Sunday 25 July 2010

Folk Costume

My folk costume from the south-west corner (more specifically, Oxie, Vemmenhögs, Skytts och Bara härader), of the county Skåne (Scania) in the very south of Sweden, is, after having working on it for the past year or so, now almost completed – enough for it to be worn anyway. I will now show it, layer by layer. This is what an unmarried farmer’s daughter of rather comfortable means might have worn to church and parties in about 1820-50. I’m afraid there’re no close ups, since the batteries in my camera died, and some of the pictures aren't very good for the same reason. I've linked to previous posts on the different garments, in case anyone would like to go back and learn more about them.

First it’s the sleeveless shift, hankasärk, made from half bleached linen.

Then the opplöt is put on, a blouse made from fine, bleached linen, with a collar of fine cotton voile. Black wool stockings are worn. I haven’t knitted a period pair yet, so I’ll have to make do with a cotton blend for now – they won’t show that much under my long skirts anyway, and at least the colour is right. Black is a rather unusual colour in Swedish women’s folk costume stockings, in most other places they’re white or red.

The hair is braided and wound round the head, as seen in this painting from Torna härad. Or maybe you can't see, the picture being rather small...

The painting is not from my area (in Skåne there where 23 areas, called härader, with slight or pronounced differences in dress), but borders to it, so some elements of dress are the same (notice the red spedetröja the girl in the middle is putting on), while others differ (like the shape of the collars, and the married woman’s white headdress). I’ve woven the wool ribbons in the hair myself.

After the opplöt, the knitted, woollen spedetröja, trimmed with silk, is put on.

The silk bodice, liv – the roll at the bottom of it looks quite ridiculous, but that’s what they looked like. I must confess I’m thinking of making it smaller though – after all, this costume is not to be worn in living history settings, but on festive occasions in modern day society, so even if my aim is to make it as right as possible, I wouldn’t feel too guilty with this compromise. As long as its purpose, to support the skirts and prevent them slipping, is there, I’m satisfied. The liv is laced with a steel chain at the moment, but it will be replaced with a silver one eventually. Btw, I found buckles almost identical to mine in the database of Nordiska Museet, which made me quite happy.

The heavy, wool skirt is next. Notice the look of “a comfortable size” the roll of the bodice gives the hips. This would be even more pronounced by the multiple layers of wool skirts, that was the custom back then. Skåne was comparatively rich, having good farmland, and everyone wanted to show of their wealth, not only by silver and as fine materials as they where allowed, but also by looking well fed. Not a look we tend to go for today, is it? The skirt has a tuck just below knee level, to help hold out the skirts. A silk ribbon with a pattern of woven-in flowers was often sewn on between the tuck and hem, but I have yet to find one in real silk.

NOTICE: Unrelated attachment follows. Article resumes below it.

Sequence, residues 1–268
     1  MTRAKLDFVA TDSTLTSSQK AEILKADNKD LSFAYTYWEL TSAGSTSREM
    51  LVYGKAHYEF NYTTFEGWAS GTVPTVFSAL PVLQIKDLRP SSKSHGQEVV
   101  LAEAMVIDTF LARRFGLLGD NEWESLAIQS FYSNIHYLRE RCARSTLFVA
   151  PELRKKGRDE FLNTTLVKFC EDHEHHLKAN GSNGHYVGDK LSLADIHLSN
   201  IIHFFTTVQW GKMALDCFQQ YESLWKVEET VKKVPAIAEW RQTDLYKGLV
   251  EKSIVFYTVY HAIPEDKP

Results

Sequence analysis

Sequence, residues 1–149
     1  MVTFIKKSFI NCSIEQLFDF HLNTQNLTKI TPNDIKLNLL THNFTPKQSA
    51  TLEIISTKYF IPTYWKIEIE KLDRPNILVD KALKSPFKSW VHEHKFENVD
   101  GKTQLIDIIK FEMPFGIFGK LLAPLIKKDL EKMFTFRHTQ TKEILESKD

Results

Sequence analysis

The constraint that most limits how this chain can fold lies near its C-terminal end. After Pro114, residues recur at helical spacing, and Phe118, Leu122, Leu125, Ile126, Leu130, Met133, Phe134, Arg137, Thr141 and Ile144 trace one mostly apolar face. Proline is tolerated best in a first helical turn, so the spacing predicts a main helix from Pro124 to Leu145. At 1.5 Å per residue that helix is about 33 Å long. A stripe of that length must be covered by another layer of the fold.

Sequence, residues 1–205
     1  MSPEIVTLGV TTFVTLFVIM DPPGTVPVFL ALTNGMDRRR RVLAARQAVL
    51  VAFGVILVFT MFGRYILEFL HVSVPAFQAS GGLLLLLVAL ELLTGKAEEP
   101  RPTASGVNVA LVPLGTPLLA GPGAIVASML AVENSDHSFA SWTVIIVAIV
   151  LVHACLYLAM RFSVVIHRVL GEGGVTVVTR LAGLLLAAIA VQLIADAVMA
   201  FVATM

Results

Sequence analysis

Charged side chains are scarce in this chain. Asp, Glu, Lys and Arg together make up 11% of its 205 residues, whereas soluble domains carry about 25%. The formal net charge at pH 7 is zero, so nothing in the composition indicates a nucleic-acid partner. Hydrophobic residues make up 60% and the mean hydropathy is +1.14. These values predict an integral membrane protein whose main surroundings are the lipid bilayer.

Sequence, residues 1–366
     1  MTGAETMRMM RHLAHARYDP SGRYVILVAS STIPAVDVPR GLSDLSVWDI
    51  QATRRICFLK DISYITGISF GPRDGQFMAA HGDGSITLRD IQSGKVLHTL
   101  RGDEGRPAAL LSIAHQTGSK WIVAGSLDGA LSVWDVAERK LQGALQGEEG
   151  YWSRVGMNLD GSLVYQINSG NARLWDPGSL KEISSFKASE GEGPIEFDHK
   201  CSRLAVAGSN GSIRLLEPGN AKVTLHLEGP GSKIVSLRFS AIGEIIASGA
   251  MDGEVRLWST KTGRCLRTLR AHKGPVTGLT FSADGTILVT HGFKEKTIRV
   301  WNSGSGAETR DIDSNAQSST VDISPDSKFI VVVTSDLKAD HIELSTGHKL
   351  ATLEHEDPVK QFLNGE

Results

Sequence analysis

The woollen apron, with its woven cotton waistband/ties. It ties a little off centre, with a bow. An apron was always worn, even to church, by the farming community; no woman would be seen without it. On the head is a cotton kerchief – this kind could be worn by married and unmarried women alike.

The starched, white headdress was worn by married women alone, as a symbol of their social status. A married woman would not be seen outside the immediate family without a kerchief of some sort on her head. Today, most people who wear folk costumes in Sweden omit the hats and headdresses, thinking they look silly. I can agree, but think it depends on the setting. I might do both, wear it over my braided, tied-up hair sometimes, and at other times wear my hair uncovered in the styles I usually wear, all according to the occasion. Like I said before, the costume is to be worn to parties and such in this time and age, so making some exceptions and adaptions is all right in my mind. I will for example wear make up, though I will probably not wear modern jewellery.

And that’s as far as I’ve come. I will, when the money, wish and time is there, add spedetröjor, liv and skirts in other colours, aprons in different patterns and materials, and several opplöts, so I can mix and match according to my mood. When it looks like I’m likely to marry, I’ll start to embroider the white headdress. But the costume is perfectly appropriate to wear as it is now. Yay!

Saturday 24 July 2010

Finished Spedetröja

This (or should I say yesterday now?) morning I finished my spedetröja – yay! For the ones of you who might not have read my previous posts on this, a brief history. This sweater is to be used with my folk costume, from the south-west corner of the county Skåne (Scania) in Sweden. The sweater is called spedetröja in the local accent, and was an important part of rural women’s wardrobe in that part of the country in the 18th and 19th centuries – even after the folk costume as such had gone out of use, the spedetröja was one of the articles of clothing that was still in some use at the very beginning of the 20th century.